A root canal is really a treatment that’s intent is to repair and save a tooth that’s badly decayed or has become infected. During a root canal procedure, the nerve and pulp are removed and your tooth is then sealed. With no treatment the tissue and bone surrounding your tooth will become infected, swelling may occur as well as loosening of the tooth.
“Root canal” may be the expression used to explain the natural chamber within the middle of your tooth. The pulp is the soft area inside the root’s canal.
A tooth’s nerve supplies the feeling of hot/cold as well as pressure. Lack of the nerve won’t modify the day-to-day functioning of the tooth, but will allow the tooth to remain in a patient’s mouth. Following root canal treatment, a crown is highly recommended to protect your tooth as it is now brittle.
Whenever a tooth’s nerve is affected , it stops working and bacteria start to multiply inside the pulp chamber. The bacteria along with other debris may cause contamination which allows for a tooth to abscess at the end of the roots of the tooth. This can make the tooth seem taller due to the infection that is present. Additionally, an infection or abscess may also cause: swelling that could spread to other parts of the the face or neck, bone loss around the root, draining of the abscess into the oral cavity.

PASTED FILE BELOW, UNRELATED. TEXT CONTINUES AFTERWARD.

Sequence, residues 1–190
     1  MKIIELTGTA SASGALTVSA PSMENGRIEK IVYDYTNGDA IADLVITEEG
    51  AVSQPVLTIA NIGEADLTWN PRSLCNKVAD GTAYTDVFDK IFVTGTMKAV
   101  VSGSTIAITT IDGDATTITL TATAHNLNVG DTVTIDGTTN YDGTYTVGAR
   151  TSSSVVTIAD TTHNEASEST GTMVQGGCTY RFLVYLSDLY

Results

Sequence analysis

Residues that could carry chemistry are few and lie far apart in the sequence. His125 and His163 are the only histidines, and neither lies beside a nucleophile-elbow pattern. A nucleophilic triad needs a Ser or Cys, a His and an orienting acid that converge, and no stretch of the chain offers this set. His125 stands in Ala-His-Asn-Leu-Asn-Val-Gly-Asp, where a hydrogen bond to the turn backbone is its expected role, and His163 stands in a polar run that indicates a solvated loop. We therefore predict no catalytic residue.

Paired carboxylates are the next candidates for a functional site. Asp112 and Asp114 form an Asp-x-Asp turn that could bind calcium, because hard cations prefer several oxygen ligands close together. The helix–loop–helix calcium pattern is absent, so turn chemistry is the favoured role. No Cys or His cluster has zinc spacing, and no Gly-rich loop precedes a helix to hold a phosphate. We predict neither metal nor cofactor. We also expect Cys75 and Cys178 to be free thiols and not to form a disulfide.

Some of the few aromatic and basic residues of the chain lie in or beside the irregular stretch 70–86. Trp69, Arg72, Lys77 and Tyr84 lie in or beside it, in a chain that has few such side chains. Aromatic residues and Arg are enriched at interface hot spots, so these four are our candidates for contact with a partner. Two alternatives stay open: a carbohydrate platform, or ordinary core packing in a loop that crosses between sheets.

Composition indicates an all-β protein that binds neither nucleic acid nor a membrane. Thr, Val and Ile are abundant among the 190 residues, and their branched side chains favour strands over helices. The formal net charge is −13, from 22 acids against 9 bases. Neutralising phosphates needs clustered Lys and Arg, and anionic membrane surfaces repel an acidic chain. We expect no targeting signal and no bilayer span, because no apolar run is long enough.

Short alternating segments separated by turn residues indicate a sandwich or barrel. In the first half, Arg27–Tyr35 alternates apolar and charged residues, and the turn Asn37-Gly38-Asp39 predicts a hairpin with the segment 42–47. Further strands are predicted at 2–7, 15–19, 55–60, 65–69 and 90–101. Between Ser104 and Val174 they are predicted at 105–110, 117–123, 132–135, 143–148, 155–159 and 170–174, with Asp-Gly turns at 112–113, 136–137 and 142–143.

A tooth’s nerve and pulp may become inflamed and infected because of deep decay, repeated dental procedures on the tooth, large fillings or a crack within the tooth or from trauma to the tooth.
In the event that root canal treatment is deemed necessary, you will be referred to a root canal specialist called an Endodontist for this procedure. Following the root canal a temporary is placed by the specialist and a return visit to Dr. Loper for a permanent filling and/or crown.